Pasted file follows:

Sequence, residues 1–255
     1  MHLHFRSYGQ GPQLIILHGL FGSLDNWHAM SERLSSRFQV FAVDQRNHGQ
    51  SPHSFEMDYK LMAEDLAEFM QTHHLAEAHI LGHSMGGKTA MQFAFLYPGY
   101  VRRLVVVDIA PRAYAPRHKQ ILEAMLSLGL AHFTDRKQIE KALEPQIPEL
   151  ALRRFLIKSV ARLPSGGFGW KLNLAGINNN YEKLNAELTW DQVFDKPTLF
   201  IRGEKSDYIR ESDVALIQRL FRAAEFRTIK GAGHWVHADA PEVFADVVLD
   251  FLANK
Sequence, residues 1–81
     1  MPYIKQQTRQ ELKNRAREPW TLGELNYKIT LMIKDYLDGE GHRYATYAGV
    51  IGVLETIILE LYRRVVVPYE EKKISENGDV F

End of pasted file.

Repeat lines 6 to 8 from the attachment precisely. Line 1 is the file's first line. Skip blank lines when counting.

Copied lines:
   201  IRGEKSDYIR ESDVALIQRL FRAAEFRTIK GAGHWVHADA PEVFADVVLD
   251  FLANK
Sequence, residues 1–81